In 1964, Louis Armstrong recorded a song for the musical Hello, Dolly!. The song is a little older, from 1835… Read the rest of this entry
In 1984, Linda Lewis released her disco record Class/Style (I’ve Got It). As a small girl, she performed with her father, which led to her first small roles. She played in the movie A Hard Day’s Night. In the seventies, she released several songs, and sung in the background for artists like David Bowie and Cat Stevens. The albums she made in the seventies selled the best, but this disco song only was a minor hit in the Netherlands. Enjoy
Linda Lewis- Class/Style (I’ve Got It)
When the classical composers like Bach, Mozart, Beethoven and others wrote their compositions, they probably did not think about pop music. In fact, their music seems to be quite different from the modern pop music. Two worlds that will never meet? Well, not exactly…
One of the best known classical tunes probably is The Fifth Symphony by Beethoven. At least the beginning is iconic: ta-ta-ta-taaa…No wonder that it made its way to pop music. Walter Murphy used the whole song, and made a disco version out of it (which can also be heard in Saturday Night Fever), calling it A Fifth Of Beethoven. However, the first tunes are most used in pop music. Thicke (now Robin Thicke) used them to introduce his song When I Get You Alone. And the Electric Light Orchestra used them to make Roll Over Beethoven (original by Chuck Berry) some longer. Actually, they really rolled over Beethoven.
Listening to classical music inspired several artists. Grace Slick from Jefferson Airplane listened to the Bolero from Ravel a few times, and wrote White Rabbit with the Bolero in her mind. If you listen closely to the song, you will hear the structure of the Bolero in it. It’s also no secret that Procul Harum used a part of Bach’s Air on the G-string for their composition A Whiter Shade Of Pale. Gary Brooker had been listening to a lot of classical music, and that’s why the text seemed to fit Bach’s song. A sort of combining, you could say. The same happened to Eric Carmen, who wrote All By Myself in small parts. As he was listening to Rachmaninoff, he thought it was useful for the verse. The only problem he encountered, was that the used part from the second piano concerto was not available in the public domain, as it was written in 1901. Luckily, he could make an arrangement with the Rachmaninoff estate to ensure it still could be used…
However, it is possible to copy entire melodies for your songs. The best example probably is Elvis Presley, who did it a few times. Love Me Tender, for example, was subject of copying: it used the melody of the traditional Aura Lee. Also the classical (Venetian) composition O Sole Mio was used. As Elvis heard it, he wanted an English text written for it, so he could record it. This song was called It’s Now Or Never, which brought Elvis to number 1.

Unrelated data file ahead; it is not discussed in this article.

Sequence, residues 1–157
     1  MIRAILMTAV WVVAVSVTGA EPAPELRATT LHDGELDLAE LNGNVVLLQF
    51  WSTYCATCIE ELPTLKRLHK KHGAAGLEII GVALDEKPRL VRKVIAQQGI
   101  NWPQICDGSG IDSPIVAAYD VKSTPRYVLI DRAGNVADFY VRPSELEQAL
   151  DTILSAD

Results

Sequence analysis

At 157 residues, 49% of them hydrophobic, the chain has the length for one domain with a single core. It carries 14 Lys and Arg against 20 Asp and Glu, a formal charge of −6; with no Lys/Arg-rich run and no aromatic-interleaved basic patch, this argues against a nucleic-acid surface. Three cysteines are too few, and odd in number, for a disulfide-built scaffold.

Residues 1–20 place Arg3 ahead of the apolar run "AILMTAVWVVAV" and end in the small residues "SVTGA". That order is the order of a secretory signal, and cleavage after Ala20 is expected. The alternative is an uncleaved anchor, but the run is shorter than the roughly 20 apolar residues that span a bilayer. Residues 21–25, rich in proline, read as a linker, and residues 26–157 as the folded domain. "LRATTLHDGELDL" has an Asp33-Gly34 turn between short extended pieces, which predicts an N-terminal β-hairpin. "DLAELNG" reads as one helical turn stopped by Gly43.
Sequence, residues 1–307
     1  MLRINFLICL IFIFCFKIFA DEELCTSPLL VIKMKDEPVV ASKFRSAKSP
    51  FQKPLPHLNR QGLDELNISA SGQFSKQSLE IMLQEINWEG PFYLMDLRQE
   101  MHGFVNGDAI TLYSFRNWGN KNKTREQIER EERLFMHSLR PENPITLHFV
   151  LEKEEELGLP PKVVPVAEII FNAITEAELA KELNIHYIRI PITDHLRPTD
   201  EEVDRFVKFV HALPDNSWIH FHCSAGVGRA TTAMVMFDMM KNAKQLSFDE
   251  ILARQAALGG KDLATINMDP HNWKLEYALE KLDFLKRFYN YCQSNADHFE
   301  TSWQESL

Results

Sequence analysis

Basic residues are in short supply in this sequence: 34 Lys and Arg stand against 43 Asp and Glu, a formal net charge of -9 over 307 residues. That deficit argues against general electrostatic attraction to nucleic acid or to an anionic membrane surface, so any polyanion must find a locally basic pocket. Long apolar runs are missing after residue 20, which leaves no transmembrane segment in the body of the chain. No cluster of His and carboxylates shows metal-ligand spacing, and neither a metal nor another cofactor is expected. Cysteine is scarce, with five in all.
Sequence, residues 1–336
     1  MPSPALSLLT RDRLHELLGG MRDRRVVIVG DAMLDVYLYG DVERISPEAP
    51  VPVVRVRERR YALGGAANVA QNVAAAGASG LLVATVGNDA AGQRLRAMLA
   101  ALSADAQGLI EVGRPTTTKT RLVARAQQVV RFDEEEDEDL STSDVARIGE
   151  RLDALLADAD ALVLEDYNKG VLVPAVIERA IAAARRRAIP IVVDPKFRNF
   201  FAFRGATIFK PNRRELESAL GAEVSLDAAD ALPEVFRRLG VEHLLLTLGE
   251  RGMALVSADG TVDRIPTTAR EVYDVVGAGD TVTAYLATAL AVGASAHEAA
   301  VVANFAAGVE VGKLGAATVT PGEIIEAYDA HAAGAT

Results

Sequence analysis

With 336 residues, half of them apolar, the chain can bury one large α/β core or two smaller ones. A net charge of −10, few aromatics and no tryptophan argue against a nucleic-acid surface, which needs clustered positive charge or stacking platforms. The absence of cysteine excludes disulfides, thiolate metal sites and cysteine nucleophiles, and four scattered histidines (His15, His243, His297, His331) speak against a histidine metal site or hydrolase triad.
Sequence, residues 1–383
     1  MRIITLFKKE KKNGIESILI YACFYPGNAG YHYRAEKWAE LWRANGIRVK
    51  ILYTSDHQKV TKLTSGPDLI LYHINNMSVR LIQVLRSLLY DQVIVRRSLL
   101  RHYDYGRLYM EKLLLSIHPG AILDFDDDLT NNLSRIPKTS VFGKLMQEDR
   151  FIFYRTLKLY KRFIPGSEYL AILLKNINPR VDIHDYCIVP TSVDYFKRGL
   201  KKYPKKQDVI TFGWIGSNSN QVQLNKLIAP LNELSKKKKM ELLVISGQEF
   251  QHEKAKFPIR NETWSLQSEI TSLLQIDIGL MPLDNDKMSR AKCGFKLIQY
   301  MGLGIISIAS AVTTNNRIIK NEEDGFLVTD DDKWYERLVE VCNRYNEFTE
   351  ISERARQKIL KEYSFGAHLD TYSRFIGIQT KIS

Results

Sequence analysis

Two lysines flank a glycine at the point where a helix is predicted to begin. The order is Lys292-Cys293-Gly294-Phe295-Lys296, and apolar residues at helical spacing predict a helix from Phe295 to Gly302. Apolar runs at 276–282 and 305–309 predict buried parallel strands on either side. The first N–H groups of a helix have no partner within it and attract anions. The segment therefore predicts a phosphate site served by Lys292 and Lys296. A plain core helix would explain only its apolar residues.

There are, however, several less obvious cases. One of them is Alejandro by Lady Gaga. She used a part of Vittorio Monti’s Csárdás. It’s mainly inspired by the violin, which can be heard in the opening of the song. It proceeds throughout the rest of the song, though the dance beat is put over it. However, listen closely and you will hear Vittorio Monti’s composition. Another case of a dance beat which covers the classical music are the Pet Shop Boys with Tchaikovsky’s Nutcracker Suite. They can be heard in All Over The World, but they are hidden quite well. Try if you can discover them… More disco music: I Love Your Smile by Shanice is said to use a small part of Arabesque No. 1 (Claude Debussy).
A favourite to use is Pachebel’s Canon in D Major. The descending cords can be heard clearly in All Together Now by the Farm, starting right at the start and playing through the complete song. The same composition was used by Stock, Aitken and Waterman for Kylie Minogue’s I Should Be So Lucky. Another composition that Stock, Aitken and Waterman used for their songs is Ride of the Valkyries by Richard Wagner. Its strings are used in You Spin Me Round (Like A Record) by Dead Or Alive…
Quite some music of the Beatles was inspired by classical compositions. Quite clear is the use of La Marseillaise, the French national anthem, at the beginning of All You Need Is Love. A little less obvious are the instrumental parts at the end of the song: Glenn Miller’s In The Mood and Greensleeves (variations of Bach). Bach also inspired Penny Lane. Paul McCartney got the idea of adding a trumpet to the song after listening to the Brandenburg Concerto No. 2… More Bach: In Blackbird the guitar was inspired by Bourrée in E minor for lute. Especially the first four bars were used in the song. Also Beethoven was used for one of their songs: John Lennon heard Yoko Ono playing Moonlight Sonata, asked her to play it backwards, and as she did that, he wrote the rest of the song around it…
Of the great composers, Mozart has been missing. However, his Piano Concerto no. 21 has been used by Neil Diamond in Song Sung Blue. Probably a little more energetic than Mozart had meant it, and certainly not the thing Mozart ever could imagine, but it would be one of the biggest hits for Neil Diamond. Also a big hit, but some closer to the original: the song Russians by Sting. Writing about the tension between the USA and the USSR, Sting used Sergei Prokofiev’s Romance melody from the Lieutenant Kije Suite to accompagny his message. A last one, probably one you wouldn’t expect: Brahms in Silent Lucidity by Queensrÿche! His composition Lullaby can be heard in the song, played on a cello around 5 minutes and 26 seconds.